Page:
What You Need To Know About Microdosing For Mental Health



Microdosing psychedelics for mental health is becoming more and more popular every day.


The unprecedented pressures of a global pandemic, high cost of healthcare, unpleasant side-effects of pharmaceutical drugs for mental health, and the overall low success rate of traditional psychotherapy in many cases has made alternative options for mental health treatment more attractive than ever before.


While scientific research has been predominantly focused on large dose studies, the positive results from limited microdosing studies, anecdotal evidence in support of a wide range of mental health challenges, and the destigmatization of psychedelic substances seem to inspire many to consider microdosing psychedelics for mental health.


As a Mental Health Integrative Medicine provider, every week I speak to multiple prospective clients who come to me with questions about whether microdosing can be a viable option for them. Many have a long history of pharmaceutical medication use, some have managed to get off the medications and are trying every treatment avenue possible in an effort to avoid medication and the terrible side effects, while others are hoping to find non-pharmaceutical avenues to find relief from mental health symptoms. In many cases, a pharmaceutical detox period and procedures are required to begin microdosing safely and effectively.


While pharmaceuticals can be helpful in the short term for some patients, unfortunately, long-term users of many antidepressants, benzodiazepines, amphetamines, and anti-psychotic drugs report various troubling effects including dependency, tolerance building, diminished efficacy, chronic digestive issues, heart conditions, and sleep disruptions to name a few. It is no surprise that many are desperately seeking safer alternatives.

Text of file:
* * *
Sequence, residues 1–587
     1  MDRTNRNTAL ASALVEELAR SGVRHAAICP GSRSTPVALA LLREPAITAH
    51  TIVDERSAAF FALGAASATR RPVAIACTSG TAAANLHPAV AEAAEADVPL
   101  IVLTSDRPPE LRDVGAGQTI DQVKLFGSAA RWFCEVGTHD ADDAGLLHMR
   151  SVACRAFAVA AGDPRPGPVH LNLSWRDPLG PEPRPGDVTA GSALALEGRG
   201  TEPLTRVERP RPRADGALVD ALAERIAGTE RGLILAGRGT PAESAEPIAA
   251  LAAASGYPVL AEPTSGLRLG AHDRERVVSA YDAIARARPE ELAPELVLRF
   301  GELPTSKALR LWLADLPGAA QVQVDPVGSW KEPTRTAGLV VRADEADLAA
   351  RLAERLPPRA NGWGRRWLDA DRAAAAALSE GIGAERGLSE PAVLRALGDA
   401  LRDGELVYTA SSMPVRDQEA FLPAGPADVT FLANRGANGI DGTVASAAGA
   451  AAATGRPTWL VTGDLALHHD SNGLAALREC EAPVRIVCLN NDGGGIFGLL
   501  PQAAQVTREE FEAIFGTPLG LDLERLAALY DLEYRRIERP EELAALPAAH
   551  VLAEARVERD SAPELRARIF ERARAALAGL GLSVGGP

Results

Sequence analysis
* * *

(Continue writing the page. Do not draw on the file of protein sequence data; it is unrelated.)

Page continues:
It is imperative to note that under no conditions should anyone currently on pharmaceutical medications for mental health stop taking them or experiment with psychedelics without consulting their physician as the consequences can be extremely dangerous and even fatal.



What We Know So Far


Microdosing psychedelics for mental health is a fairly new phenomenon and very little scientific research has been dedicated to this space. With that said, results from a handful of studies appear to validate the mass anecdotal evidence by microdosers.


Here are the most common reasons individuals microdose for mental health:



Psychedelic microdosing for depression


Alleviating depression symptoms is the #1 reason most microdosers provide for engaging with the practice and the evidence so far seems to suggest that microdosing is beneficial for depression treatment. There are however serious counter-interactions between certain psychedelics and most classes of anti-depressants; close monitoring by both a psychiatrist and a microdosing expert is required to ensure safety and efficacy.


See "Can I Microdose If I'm Taking Antidepressants?"



Psychedelic microdosing for anxiety


Many individuals report microdosing for anxiety and the limited research so far seems to support the validity of this use case. Anecdotal evidence suggests that many individuals microdose for social anxiety with great results while microdosing for general anxiety disorder (GAD) produces mixed results. The good news is that these variables seem to be related to body chemistry and can be easily tweaked to mitigate negative outcomes. You can book a free consultation with me here to design a personalized protocol to microdose safely and effectively.